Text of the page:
The Prototype - Background & History
This layout is my attempt to model the 7 miles of the PRR Panhandle that ran through the northern panhandle of West Virginia and Steubenville, OH. The Panhandle was a second mainline of the Pennsylvania Railroad that ran from Pittsburgh to St. Louis. It existed from 1848 through 1995. Grif Teller immortalized the double track bridge across the Ohio River in the painting “Crossroads of Commerce” which appeared in the 1953 Pennsylvania Railroad Calendar. That bridge still stands and the track using it serves Weirton Steel (now Arcelor Mittal) and the brick refractories and businesses on the New Cumberland secondary. Unfortunately from Weirton Junction through Burgettstown and points east, the track has been pulled up and the right of way has been converted to a hiking / bike trail.
I grew up in Weirton, WV in the 1950s & 1960s. I left in 1978, but still have family and other ties in the area. The PRR double-track bridge at MP 42.11 was always a source of fascination for me, even as a small child going to Steubenville with my parents and grandparents. However, it was not until I saw Teller’s painting (in the late 1990s) that I realized what I wanted to model.
Vital Statistics of the Layout:
- Size & Shape: Folded dog bone - 8.5’ x 18.5’ x 10’ x 18.5’ – approximately 180 square feet. There is an 8.5’x 5’ hidden storage yard under the western end.
- Track: Mostly GarGraves with some Curtis sectional curves, Curtis Hi-Rail turnouts, and a few Ross Custom Switch turnouts.
- Yards: Weirton Junction, Weirton Steel, Coal Mine Spur, Hidden Storage
- Command System: TMCC. Turnouts have Z-Stuff DZ-2500A & C switch machines and are both TMCC and pushbutton controlled.
- Wiring & Blocking: 8 power districts are supplied from 2 power distribution panels. Home run wiring has been used.
- Power: 2 Lionel 180 watt PowerHouses supply all track power to districts 1-8. Two (2) K-Line PowerChief 120 transformers power switch machines, lights, and some AC accessories. All DC accessories, building lights, traffic signals and street lights get their power from various 3VDC, 5VDC, and 12VDC power supplies.
- Signals: Z-Stuff DZ-1060 PRR position signals (4) & MTH PRR signal bridges (2). The layout is only signaled for travel in the counter-clockwise direction.
Districts are numbered and shown in their colors:
1 - Steubenville BLUE
2 - PRR Bridge & Weirton LT GREEN
3 - Weirton RED
4 - Hidden Passing Siding MAGENTA
5 - Coal Mine Spur BLACK
6 - Weirton Junction LT BLUE
7 - Hidden Storage Yard GREEN
8 - Weirton Steel Yard YELLOW
Hidden Storage Yard:
This yard is reached by a long yard lead below the rear of the layout. Storage is available for approximately 40 cars on 4 stub tracks. A balloon track is available for turning trains. The yard will permit Weirton Steel to accept arriving deliveries (coal, ore, empties) and ship product (coils, boxcars, empties).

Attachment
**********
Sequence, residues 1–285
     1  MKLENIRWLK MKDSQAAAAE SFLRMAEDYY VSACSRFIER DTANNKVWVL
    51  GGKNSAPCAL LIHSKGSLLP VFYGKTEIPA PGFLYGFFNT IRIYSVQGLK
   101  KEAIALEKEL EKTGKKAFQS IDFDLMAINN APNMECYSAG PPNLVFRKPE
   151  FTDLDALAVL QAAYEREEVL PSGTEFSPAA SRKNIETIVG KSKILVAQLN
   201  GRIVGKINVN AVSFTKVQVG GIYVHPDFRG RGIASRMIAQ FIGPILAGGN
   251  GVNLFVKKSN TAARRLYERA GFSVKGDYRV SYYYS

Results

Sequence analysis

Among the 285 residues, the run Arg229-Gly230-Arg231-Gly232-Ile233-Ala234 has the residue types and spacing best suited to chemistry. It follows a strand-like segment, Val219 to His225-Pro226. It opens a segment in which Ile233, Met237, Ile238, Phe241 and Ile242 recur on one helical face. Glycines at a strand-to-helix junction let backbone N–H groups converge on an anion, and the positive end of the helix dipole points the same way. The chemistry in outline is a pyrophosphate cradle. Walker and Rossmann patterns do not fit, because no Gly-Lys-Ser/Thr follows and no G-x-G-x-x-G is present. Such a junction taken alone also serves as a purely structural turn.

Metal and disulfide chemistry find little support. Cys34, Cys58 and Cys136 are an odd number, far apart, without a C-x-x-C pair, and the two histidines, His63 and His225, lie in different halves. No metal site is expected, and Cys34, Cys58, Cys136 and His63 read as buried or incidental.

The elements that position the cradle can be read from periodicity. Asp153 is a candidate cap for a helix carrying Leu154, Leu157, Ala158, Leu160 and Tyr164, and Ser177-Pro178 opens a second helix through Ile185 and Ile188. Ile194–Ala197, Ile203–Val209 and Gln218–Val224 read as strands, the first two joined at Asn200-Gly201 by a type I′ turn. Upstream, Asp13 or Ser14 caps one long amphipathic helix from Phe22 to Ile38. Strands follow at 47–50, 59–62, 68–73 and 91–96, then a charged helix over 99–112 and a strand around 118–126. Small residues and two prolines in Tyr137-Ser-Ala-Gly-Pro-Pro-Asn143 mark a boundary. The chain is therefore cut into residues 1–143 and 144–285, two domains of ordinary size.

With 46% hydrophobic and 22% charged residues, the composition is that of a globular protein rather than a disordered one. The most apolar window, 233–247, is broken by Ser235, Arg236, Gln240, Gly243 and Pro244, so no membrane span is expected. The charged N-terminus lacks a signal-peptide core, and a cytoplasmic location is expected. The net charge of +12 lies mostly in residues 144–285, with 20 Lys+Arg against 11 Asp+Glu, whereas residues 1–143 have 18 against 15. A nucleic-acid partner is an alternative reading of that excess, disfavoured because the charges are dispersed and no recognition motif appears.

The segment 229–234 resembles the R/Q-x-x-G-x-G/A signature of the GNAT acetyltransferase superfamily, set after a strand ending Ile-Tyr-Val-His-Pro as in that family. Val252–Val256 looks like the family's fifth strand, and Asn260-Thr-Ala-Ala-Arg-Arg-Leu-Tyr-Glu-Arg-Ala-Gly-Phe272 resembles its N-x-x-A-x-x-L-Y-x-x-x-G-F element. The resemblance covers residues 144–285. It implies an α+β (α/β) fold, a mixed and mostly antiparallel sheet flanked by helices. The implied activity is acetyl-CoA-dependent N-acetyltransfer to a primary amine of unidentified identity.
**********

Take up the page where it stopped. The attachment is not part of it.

Features of the Layout’s Western End:
Steubenville, Ohio dominates the western end of the layout. The center of the action is the intersection of Fourth and Market Streets. Fourth Street runs roughly east to west. Market Street will contain some of the nicer businesses, including a 5 story building. The west end of Fourth Street will be the "wrong" side of the tracks. There will be a seedy hotel and other run-down structures in this area.
The PRR station will be at the south end of town with the platform between the spur and mainline.
The coal mine and tipple just north of Steubenville supplies coal for Weirton Steel. The 2-track tipple can load approximately 4 cars at a time. The tipple spurs have been extended by several inches to accommodate track bumpers. A curved #6 Curtis switch allows the spurs to bend around towards the northeast. These tracks sit (level) on top of a plateau about 1.5” above Steubenville (behind Market Street). The coal mine is reached by a trailing point spur that allows coal trains to be backed all the way up to the tipple. The spur is protected by a Pennsy 3-position signal head.
The Gould No. 5 tunnel passes under the coal mine and exits just before reaching the Ohio River Bridge. Within the tunnel, a turnout connects to the hidden passing track that runs behind the screen and river bridge. This hidden track allows trains to cross the river without being seen.
Features of the Layout’s Eastern End:
The dual-track bridge is 7’ long and was supplied by East Coast Enterprises. Originally, I had planned to build the bridge myself, but it proved impractical time-wise as well as prohibitively expensive. I erected a temporary bridge that held a Curtis double cross-over, but I removed that when the permanent bridge was installed. The bridge is protected on both ends by a pair of MTH PRR double-head signal bridges. The southernmost track is for eastbound traffic, while the other (northern) serves westbound movements. East of the bridge (as the track loops back on itself and moves west) is Weirton Junction.